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Carey Mulligan
as Kathy

Andrew Garfield
as Tommy

Keira Knightley
as Ruth

Isobel Meikle-Small
as Young Kathy

Charlie Rowe
as Young Tommy

Ella Purnell
as Young Ruth

Sally Hawkins
as Miss Lucy

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Netflix, Inc.

Written by Alex Garland

Directed by Mark Romanek

Running Time: 1:43

Rated R
for sexuality and nudity.



Never Let Me Go was a beautifully shot, wonderfully acted film that ultimately led nowhere.


Kathy, Tommy and Ruth are best friends who grow up at a boarding school together. While there, they learn the true reason for their lives and have to carry that with them through the years as they grow up and fulfill their destinies.


If you don't want to know the 'twist' in the plot, just skip the entire review, but realize that the filmmakers give it away within the first 15-20 minutes of the movie. Ready? Kathy, Tommy, Ruth and all the kids at their boarding house are created simply to be organ donors for the rich and powerful. The movie takes place in an alternate world where disease has all been eradicated and people can live long past 100. But in order to do so, they need to be able to get organs that match them, and that's where these kids come along. Nothing is mentioned about how they are born - whether through human breeders or mechanical means - but they are raised knowing that ultimately, they will die young. Kathy and her friends are told this when they are around 10 years old. Kathy is completely in love with Tommy, and he has feelings for her. But upon hearing the news of their fates, Ruth steps in and she and Tommy start dating. For years Kathy holds on to the hope that someday she and Tommy can be together, but no matter where life takes them, it isn't meant to be. And that essentially is what the movie is really about - it's not so much about them learning to deal with their situations, it's a story about Kathy spending her life yearning for Tommy. There is a small bit of intrigue at the end where, after Ruth passes away from her final donation, Tommy and Kathy are finally together. Tommy has given 2 donations and Kathy is a carer - someone who takes care of donors until they pass. There were rumors going around that you could postpone your donations if you were in love. So the movie leads us to a place where Tommy and Kathy track down the person they think can give them the postponement, so they can at least spend a few years together. But after an entire movie frankly, either possible ending would have been a letdown.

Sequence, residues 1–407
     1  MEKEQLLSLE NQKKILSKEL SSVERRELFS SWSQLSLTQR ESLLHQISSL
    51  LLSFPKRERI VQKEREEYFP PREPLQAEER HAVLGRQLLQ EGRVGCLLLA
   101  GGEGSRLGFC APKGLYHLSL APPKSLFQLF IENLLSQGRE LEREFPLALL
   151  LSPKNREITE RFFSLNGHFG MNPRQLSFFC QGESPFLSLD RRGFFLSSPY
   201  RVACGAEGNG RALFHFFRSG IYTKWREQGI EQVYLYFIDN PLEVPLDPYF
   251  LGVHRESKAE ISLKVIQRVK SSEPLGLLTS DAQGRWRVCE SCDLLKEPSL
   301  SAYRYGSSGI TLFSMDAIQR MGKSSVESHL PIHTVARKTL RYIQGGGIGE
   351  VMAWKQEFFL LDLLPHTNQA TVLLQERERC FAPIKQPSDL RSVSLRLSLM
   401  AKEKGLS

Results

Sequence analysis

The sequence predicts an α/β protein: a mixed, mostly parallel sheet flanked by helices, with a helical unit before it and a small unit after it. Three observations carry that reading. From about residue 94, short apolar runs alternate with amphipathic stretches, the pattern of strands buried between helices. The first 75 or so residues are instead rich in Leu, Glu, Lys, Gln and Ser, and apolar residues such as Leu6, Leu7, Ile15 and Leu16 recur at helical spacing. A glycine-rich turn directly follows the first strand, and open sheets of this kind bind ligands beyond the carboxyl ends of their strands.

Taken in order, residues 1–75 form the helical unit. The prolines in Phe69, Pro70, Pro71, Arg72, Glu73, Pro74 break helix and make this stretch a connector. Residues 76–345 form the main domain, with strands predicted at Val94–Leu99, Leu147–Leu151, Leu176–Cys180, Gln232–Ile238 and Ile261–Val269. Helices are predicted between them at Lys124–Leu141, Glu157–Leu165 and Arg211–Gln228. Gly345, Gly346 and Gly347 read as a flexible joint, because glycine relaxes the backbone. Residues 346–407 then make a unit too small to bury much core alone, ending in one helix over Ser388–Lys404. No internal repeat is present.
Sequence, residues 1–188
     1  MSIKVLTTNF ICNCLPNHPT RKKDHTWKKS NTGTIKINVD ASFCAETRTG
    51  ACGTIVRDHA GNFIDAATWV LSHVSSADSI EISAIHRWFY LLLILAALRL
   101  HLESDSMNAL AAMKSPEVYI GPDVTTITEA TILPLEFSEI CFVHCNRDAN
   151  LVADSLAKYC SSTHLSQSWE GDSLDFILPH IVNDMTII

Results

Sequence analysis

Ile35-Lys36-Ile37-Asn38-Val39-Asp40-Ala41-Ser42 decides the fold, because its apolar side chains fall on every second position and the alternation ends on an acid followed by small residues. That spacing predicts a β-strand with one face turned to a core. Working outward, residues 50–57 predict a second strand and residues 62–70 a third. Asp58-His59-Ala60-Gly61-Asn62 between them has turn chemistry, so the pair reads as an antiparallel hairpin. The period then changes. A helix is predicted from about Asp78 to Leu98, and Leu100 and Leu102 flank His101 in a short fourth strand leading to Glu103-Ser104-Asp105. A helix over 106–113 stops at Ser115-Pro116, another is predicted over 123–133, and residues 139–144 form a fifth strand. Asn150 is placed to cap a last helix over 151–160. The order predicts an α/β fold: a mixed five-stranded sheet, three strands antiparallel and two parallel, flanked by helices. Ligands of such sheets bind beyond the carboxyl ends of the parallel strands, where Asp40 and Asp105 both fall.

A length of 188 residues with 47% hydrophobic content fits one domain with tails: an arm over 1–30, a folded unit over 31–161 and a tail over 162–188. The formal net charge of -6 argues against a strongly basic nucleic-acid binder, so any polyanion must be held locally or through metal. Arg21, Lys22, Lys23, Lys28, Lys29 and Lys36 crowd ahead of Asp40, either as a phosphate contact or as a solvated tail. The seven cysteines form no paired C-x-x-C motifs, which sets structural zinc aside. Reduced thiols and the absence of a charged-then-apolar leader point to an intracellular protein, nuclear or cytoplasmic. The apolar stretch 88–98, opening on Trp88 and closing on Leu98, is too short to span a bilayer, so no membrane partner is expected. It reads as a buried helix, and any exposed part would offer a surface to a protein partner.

My biggest problem with the movie is that nothing really happens. Since we find out early on what their lives are meant for, there was nothing for me to hold on to after that. Nothing for me to look forward to. I kept hoping the story would take me in a direction that would give me better answers, or at least some answers, but it never did. The movie takes place in 3 time periods - one where they're young and in school, one where they leave school for the 'real world' to live life for a short time, and one where we're near the end of their lives. Kathy is the central figure and as played by Carey Mulligan (and Isobel Meikle-Small as a young Kathy) she's amazing. She's sweet and kind and kind-hearted towards Tommy when everyone else picks on him. She's got a certain grace about her that no one else does. She quickly accepts her fate and concentrates more on Tommy than anything else. But at the same time you kind of want to scream at her to get over it and find someone else. There was nothing particularly special about Tommy that I could see. As played by Andrew Garfield (and Charlie Rowe) he seemed nice enough but nothing that someone would throw their life away for. When Kathy finally manages to put him in the past we jump forward in time to where they get together again after 10 years. Ruth, played by Keira Knightly (and Ella Purnell) is a scheming little girl (and woman) who is one of those characters who is nice on the surface but mean underneath. You kept waiting for her to get her comeuppance, but only on her deathbed did she repent.

Visually the movie was extremely striking. It was beautifully filmed and the three periods the movie takes place in were set apart from each other well. The music was another big part of a film. It's rare that I leave a serious drama whistling the theme music. It's a very haunting sounding soundtrack and it works perfectly with the visuals. The movie feels like it's shot in an alternate world where people are almost robotic about life. I found myself drawn to the film even if ultimately there was no payoff for me. It was done in such a way that I couldn't help but feel for Kathy, and I think that was mainly because the two actresses playing her were tremendous. This movie had Oscar potential based on early reviews, but while I feel Best Picture isn't in the cards, Carey Mulligan deserves a Best Actress nomination. She completely captivated me throughout the entire film.


So overall, I liked Never Let Me Go, but I didn't love it. The performances, especially by the actresses who played Kathy, were tremendous and visually the movie was stunning. But the story meandered here and there without any kind of payoff and that was a big letdown.

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Reviewed 09/17/10

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